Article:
Pacific Architects and Engineers, LLC has agreed to pay the United States $5 million to resolve allegations that it knowingly failed to follow vetting requirements for personnel working in Afghanistan under a State Department contract for labor services. PAE is a Virginia-based contractor that provides personnel and other support to various federal government agencies. The settlement was announced today by U.S. Attorney Channing D. Phillips and Steve A. Linick, Inspector General for the U.S. Department of State.
The agreement resolves claims relating to PAE’s Civilian Police “CIVPOL” contract in support of State Department missions in Afghanistan, Haiti, Lebanon, Liberia, South Sudan, and elsewhere. In 2007, the State Department awarded PAE a task order under the CIVPOL contract to provide training and mentoring personnel to counter-narcotics and drug interdiction police and investigators in Afghanistan. The task order required PAE to conduct extensive background checks on U.S. personnel that were in high risk or armed positions, including independently developed reference checks. For local, national, and third party national employees working on the task order, PAE was obligated to submit their names to the State Department’s Regional Security Office in Afghanistan for additional security clearance. According to the government’s evidence, PAE was aware of these contractual requirements but did not comply with them for extended periods. The United States asserts that invoices PAE submitted to the State Department for the labor services of improperly vetted personnel were false.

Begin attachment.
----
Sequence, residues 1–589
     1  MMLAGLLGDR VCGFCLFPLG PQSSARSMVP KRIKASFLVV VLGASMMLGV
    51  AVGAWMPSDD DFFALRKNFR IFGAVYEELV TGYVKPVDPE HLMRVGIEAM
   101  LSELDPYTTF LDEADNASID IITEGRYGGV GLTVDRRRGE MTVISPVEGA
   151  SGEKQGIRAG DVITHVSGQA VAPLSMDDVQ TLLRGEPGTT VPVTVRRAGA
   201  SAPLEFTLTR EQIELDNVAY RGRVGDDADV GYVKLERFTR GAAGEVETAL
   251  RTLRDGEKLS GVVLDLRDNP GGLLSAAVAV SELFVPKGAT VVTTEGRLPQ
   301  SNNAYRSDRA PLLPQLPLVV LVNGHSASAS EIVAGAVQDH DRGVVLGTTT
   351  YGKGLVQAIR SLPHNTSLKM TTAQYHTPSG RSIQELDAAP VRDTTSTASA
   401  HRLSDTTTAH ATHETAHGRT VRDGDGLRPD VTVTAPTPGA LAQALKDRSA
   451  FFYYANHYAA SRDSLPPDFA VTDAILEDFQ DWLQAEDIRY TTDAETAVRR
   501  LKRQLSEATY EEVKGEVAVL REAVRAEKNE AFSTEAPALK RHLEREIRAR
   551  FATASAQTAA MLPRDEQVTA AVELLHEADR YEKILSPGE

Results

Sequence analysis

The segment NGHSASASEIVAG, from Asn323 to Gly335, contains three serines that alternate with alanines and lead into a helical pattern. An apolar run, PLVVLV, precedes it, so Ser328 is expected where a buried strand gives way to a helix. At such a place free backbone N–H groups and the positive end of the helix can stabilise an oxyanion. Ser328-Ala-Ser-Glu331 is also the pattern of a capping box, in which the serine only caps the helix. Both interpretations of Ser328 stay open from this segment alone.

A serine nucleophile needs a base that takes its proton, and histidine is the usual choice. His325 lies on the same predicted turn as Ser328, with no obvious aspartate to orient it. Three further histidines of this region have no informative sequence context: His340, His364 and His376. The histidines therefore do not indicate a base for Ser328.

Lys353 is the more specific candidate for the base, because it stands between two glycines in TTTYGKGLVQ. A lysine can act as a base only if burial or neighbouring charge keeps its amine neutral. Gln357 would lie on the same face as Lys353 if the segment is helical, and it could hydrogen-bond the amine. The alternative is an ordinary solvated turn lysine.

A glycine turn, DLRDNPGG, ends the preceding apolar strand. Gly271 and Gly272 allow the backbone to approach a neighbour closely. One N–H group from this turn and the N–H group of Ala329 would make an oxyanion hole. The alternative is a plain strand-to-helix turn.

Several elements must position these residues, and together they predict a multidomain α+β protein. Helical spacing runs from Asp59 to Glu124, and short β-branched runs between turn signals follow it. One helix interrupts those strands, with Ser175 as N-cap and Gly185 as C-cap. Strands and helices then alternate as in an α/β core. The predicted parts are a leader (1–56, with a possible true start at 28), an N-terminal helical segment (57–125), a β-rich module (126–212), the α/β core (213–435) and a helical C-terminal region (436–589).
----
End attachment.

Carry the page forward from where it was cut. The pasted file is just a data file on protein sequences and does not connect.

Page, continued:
“This settlement affirms our commitment to hold government contractors accountable for properly screening employees, particularly those who work alongside our government’s personnel in fragile areas of the world,” said U.S. Attorney Phillips. “In this particular matter, it is alleged that PAE failed to conduct the appropriate vetting for personnel working in Afghanistan under a State Department contract for labor services for which invoices were later submitted. Our Office will continue to investigate and seek appropriate recoveries from contractors who do not meet their obligations.” DOJ
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